“Hungover people do not go out and riot.”

Writing in The Observer David Sharrock has been wondering “why are there no barricades on the streets of Dublin?

For his part, Tóibín thinks that all economists are mad. But he can agree with Philip Lane, professor of international macroeconomics at Trinity College Dublin. The two certainly share an explanation of the public mood, this sense of confusion and despair that is not being converted into street protests. According to Lane, shame is at the root of the Irish reaction. “There was sufficiently wide participation in the property market for there to be a collective shame for what went on,” he said. “A hangover follows a big party.” Hungover people do not go out and riot.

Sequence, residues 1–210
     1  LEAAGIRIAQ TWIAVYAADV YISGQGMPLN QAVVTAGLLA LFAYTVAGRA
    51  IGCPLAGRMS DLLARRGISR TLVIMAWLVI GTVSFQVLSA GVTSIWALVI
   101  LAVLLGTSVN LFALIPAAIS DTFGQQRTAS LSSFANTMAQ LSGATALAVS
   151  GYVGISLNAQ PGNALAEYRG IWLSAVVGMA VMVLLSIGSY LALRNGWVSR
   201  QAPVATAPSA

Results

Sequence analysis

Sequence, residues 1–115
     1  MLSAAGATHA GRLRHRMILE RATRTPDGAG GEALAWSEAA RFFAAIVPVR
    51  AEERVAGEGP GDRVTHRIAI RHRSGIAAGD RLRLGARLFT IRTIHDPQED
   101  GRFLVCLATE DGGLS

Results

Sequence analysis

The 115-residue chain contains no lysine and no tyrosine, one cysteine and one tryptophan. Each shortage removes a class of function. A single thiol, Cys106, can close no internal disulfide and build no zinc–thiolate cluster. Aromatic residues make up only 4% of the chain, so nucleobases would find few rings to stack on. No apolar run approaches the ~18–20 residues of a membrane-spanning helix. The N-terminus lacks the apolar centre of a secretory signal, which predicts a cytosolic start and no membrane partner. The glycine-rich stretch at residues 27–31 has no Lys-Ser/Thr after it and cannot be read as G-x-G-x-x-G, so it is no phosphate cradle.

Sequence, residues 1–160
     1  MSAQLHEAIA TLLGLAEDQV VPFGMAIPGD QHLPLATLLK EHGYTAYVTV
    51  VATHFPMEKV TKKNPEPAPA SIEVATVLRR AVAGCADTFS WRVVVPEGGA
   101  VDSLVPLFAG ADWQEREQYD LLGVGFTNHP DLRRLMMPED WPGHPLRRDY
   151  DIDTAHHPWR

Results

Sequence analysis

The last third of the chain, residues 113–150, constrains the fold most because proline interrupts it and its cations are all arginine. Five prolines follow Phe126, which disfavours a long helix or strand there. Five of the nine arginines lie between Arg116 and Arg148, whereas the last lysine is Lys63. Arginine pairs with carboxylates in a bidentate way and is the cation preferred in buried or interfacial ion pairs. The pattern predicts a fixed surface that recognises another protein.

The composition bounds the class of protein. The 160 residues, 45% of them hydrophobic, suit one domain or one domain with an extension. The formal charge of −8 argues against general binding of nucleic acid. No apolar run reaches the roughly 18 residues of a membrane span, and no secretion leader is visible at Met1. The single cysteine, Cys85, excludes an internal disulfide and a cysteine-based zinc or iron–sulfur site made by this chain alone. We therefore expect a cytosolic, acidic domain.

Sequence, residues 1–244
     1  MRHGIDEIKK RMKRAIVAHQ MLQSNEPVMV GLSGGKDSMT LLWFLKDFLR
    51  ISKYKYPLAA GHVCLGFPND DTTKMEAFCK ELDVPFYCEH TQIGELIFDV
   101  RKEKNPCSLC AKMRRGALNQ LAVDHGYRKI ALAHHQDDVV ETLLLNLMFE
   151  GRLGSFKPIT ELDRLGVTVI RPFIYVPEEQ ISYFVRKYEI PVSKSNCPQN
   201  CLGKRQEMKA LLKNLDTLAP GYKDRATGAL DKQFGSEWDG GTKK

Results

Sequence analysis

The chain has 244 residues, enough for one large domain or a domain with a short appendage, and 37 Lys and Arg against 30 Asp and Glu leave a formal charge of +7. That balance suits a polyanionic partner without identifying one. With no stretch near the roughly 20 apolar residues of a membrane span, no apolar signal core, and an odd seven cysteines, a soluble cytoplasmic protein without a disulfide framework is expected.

It could also be that there’s a greater understanding of the wider economic and political considerations in play than most of the media coverage would suggest.

But I doubt it…

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  • perseus

    you have to try to pay your debts
    am therefore against a default

    An idea:
    If the unionists could be gotten on board
    ( a sense of patriotic re-awakening perhaps
    or a penance for the pain they caused by partition )
    perhaps england could pay off the ROI debt
    as a one-off final payment, to set a united ireland
    off ,on course, with a clear balance sheet.

    Simple solutions to complex issues ..
    no need for re-partition greenflag .. ahhh 🙂